With Google’s ‘Project Glass’ AR glasses seemingly just around the corner (prototypes are currently on sale to selected developers), many of Google’s global technology rivals have been quick to react. Since Google obtained several patents for their device in June, during which time a pair of the glasses were modelled by Google co-founder Sergey Brin, Sony, Nintendo, Apple and other smaller companies have announced their own AR glasses product.
AR glasses set to flood the market
One of the key features of all of these glasses has been the ability to take pictures on command. The concept of being taking pictures with just the eyes and voice is an appealing concept, perhaps because it will give humans the perceived powers of a science fiction robot, with a photographic memory. It is also a natural sign of market progression. In years gone by, the need was for everything to be mobile and transportable. Now that virtually all consumer electronics are capable of that, the latest need is for everything to be hands free. People can make phone calls hands free, but what else? You currently need your hands to take a picture, but is all that about to change?
Society in the 21st Century is one which expects to be able to take high quality photographs, whatever the circumstances and there are signs that AR glasses could very soon become the norm for casual photographers. Many smartphones are armed with technology to rival compact cameras, and soon most pairs of sunglasses will as well.
This is something which the electronics and technology industry must act upon. One of the biggest names in photography, Kodak, suffered huge losses for failing to react quickly enough to the digital revolution and it seems as though Japanese camera specialists Olympus are keen to not follow suit.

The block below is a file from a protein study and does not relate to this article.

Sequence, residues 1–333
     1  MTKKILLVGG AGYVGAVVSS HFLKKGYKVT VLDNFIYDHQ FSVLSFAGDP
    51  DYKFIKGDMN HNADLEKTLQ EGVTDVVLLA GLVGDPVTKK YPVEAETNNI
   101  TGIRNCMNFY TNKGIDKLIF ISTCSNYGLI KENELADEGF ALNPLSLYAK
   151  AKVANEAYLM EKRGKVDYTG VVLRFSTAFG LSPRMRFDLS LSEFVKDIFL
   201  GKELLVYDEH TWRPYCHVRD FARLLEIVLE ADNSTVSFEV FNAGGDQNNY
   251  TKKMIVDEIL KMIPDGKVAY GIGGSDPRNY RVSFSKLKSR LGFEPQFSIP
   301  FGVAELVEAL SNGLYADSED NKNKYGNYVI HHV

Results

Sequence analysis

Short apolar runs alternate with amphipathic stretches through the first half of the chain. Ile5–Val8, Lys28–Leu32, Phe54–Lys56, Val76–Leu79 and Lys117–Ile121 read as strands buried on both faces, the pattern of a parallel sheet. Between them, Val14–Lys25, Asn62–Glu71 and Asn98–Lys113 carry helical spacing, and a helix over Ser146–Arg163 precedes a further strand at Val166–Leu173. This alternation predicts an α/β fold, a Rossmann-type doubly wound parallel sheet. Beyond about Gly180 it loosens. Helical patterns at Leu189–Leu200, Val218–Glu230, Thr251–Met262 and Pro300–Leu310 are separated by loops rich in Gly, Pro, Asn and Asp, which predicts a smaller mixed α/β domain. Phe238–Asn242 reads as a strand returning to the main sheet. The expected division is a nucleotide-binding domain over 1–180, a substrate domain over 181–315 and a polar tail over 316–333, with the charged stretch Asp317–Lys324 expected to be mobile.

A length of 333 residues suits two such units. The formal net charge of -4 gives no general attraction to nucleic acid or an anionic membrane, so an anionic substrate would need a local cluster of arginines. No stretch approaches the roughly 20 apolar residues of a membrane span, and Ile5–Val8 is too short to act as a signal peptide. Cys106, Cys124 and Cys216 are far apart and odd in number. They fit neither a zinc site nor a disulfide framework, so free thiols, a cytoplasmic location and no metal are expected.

Lightweight and hands-free web browsing
Reportedly seven years in the making, Olympus’s ultra-compact wearable display prototype, the MEG4.0 has arrived. Weighing just 30 grams, these frameless glasses can project Internet and digital content right before your eyes but without blocking your view of the real world. Olympus claim that the product works well in bright sunlight, has a battery life of between two and eight hours, and includes an accelerometer which tells the glasses which way the user is looking. The digital content is provided by the user’s smartphone or tablet using a Bluetooth connection.
The early prototypes of the MEG4.0 do not currently feature a camera, although given Olympus’s rich pedigree in consumer and medical micro technology and photography, the camera is surely just a temporary absentee. It’s also unclear as yet whether Olympus plans to release the product themselves commercially, or to offer the technology to other developers.
What we do know is that for people hoping to be able to interact with the digital world using just a pair of glasses, the future is very bright indeed.
Sean writes about technology and its uses in the modern world for Direct Sight. Buy glasses online from Direct Sight here.